Apache HBase is an open-source, distributed, non-relational database modeled after Google’s Bigtable and written in Java. It provides capabilities similar to Bigtable on top of Hadoop and HDFS (Hadoop Distributed Filesystem) i.e. it provides a fault-tolerant way of storing large quantities of sparse data, which are common in many big data use cases. HBase is used for real time read/write access to Big Data.
The HBase Storage architecture comprises numerous components. Let’s look at the functions of these components and know how data is being written.
HFiles forms the low level of HBase’s architecture. HFiles are storage files created to store HBase’s data fast and efficiently.
The HMaster is responsible to assign the regions to each HRegionServer when HBase is started. It is responsible for managing everything related to rows, tables and their co-ordination activities. The Hmaster also has the details of the metadata.
Components of HBase:
HBase has the following components:
- Table – Comprises Regions
- Region – Range of rows stored together
- Region Servers – Serves one or more regions
- Master Server – Daemon is responsible for managing HBase cluster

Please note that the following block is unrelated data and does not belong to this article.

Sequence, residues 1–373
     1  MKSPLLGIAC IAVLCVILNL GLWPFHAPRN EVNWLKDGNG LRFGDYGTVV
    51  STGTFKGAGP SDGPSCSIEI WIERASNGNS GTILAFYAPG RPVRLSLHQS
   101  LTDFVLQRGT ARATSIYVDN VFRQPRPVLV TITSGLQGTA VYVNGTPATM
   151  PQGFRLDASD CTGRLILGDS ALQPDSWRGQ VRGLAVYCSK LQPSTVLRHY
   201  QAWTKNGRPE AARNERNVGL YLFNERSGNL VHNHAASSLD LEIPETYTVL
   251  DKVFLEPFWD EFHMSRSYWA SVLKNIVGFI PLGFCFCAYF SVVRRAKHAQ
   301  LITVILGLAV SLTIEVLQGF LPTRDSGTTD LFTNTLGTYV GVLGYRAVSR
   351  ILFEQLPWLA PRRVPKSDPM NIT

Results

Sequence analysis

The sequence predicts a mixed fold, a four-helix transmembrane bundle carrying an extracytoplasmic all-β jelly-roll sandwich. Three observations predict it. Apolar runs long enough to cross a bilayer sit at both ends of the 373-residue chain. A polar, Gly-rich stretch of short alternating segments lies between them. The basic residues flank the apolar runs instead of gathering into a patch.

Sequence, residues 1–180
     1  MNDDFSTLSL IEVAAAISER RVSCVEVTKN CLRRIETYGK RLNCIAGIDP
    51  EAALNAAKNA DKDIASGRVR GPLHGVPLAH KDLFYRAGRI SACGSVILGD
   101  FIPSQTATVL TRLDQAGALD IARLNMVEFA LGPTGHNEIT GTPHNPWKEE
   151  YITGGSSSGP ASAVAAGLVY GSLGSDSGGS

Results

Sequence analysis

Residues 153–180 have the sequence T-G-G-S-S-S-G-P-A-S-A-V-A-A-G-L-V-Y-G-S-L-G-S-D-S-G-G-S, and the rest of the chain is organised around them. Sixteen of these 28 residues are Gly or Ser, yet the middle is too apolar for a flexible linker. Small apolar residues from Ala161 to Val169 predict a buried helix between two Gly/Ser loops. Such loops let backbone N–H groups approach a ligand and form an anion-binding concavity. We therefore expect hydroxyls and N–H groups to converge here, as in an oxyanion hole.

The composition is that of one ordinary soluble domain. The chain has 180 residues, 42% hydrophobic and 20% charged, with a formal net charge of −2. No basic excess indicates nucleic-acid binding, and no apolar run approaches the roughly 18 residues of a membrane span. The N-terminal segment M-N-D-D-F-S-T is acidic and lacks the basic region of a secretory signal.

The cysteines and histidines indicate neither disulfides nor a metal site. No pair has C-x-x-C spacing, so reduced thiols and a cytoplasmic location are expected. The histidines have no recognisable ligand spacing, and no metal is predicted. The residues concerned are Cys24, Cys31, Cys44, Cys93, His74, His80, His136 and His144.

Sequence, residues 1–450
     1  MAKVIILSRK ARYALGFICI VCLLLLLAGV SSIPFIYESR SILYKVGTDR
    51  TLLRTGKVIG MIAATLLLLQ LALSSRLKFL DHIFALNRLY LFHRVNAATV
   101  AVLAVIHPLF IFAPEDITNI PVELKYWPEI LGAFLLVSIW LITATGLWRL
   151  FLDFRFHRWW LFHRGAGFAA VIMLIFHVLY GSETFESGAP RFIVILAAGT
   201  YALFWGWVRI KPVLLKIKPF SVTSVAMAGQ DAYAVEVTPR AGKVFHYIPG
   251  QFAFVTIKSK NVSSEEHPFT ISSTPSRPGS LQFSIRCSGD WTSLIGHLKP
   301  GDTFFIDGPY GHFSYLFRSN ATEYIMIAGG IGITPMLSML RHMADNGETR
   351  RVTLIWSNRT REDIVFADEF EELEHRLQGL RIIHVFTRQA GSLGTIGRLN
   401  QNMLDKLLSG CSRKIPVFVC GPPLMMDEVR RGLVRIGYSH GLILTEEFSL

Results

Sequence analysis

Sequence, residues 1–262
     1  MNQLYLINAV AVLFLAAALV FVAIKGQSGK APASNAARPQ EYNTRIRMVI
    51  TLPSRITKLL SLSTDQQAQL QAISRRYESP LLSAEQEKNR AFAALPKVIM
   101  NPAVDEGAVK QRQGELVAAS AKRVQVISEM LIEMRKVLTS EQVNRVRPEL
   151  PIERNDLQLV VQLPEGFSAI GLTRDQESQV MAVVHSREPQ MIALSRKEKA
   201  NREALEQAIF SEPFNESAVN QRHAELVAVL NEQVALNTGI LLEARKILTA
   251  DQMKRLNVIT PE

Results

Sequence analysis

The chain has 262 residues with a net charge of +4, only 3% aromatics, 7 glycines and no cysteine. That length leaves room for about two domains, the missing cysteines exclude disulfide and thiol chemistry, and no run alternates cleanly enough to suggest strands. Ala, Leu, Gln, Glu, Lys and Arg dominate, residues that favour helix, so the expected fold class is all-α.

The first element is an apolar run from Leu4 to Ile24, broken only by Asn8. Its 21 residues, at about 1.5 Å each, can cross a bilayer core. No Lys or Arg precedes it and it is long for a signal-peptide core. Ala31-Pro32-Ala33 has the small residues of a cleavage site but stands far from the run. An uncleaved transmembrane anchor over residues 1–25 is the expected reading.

The HBase stores data directly in to the HDFS and relies greatly on HDFS’s High Availability and Fault Tolerance.
HBase Storage Architecture:
The general flow is that a Client contacts the Zookeeper first to find a particular row key. It does so by retrieving the server name from Zookeeper. With this information it can now query that server to get the server that holds the metatable. Both these details are cached and only looked up once. Lastly, it can query the metaserver and retrieve the server that has the row the client is looking for.
Once it knows in what region the row resides, it caches this information as well and contacts the HRegionServer directly. So over time the Client has complete information of where to get rows from without needing to query the metaserver again. When the HRegion is opened, it sets up a Store instance for each HColumnFamily for every table. Data is written when the Client issues a request to the HRegionServer which provides the details to the matching HRegion instance. The first step is that we have to decide if the data should be first written to the ‘Write-Ahead-Log’ (WAL) represented by the HLog class. The decision is based on the flag set by the client.
Once the data is written to the WAL it is placed in the MemStore. At the same time, the Memstore is checked whether it is full and in that case a flush to disk is requested. Then the data is written in to the HFile.